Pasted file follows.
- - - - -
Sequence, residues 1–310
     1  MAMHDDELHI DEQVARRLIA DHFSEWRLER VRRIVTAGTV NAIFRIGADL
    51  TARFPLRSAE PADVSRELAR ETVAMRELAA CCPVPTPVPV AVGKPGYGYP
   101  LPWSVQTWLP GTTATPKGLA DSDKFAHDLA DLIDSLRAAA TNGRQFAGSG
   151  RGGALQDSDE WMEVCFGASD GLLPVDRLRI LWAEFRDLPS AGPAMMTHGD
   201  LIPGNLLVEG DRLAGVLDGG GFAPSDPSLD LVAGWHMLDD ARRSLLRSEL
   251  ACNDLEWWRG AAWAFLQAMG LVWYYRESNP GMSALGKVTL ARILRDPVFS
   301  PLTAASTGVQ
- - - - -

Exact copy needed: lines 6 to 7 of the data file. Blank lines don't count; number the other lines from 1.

   201  LIPGNLLVEG DRLAGVLDGG GFAPSDPSLD LVAGWHMLDD ARRSLLRSEL
   251  ACNDLEWWRG AAWAFLQAMG LVWYYRESNP GMSALGKVTL ARILRDPVFS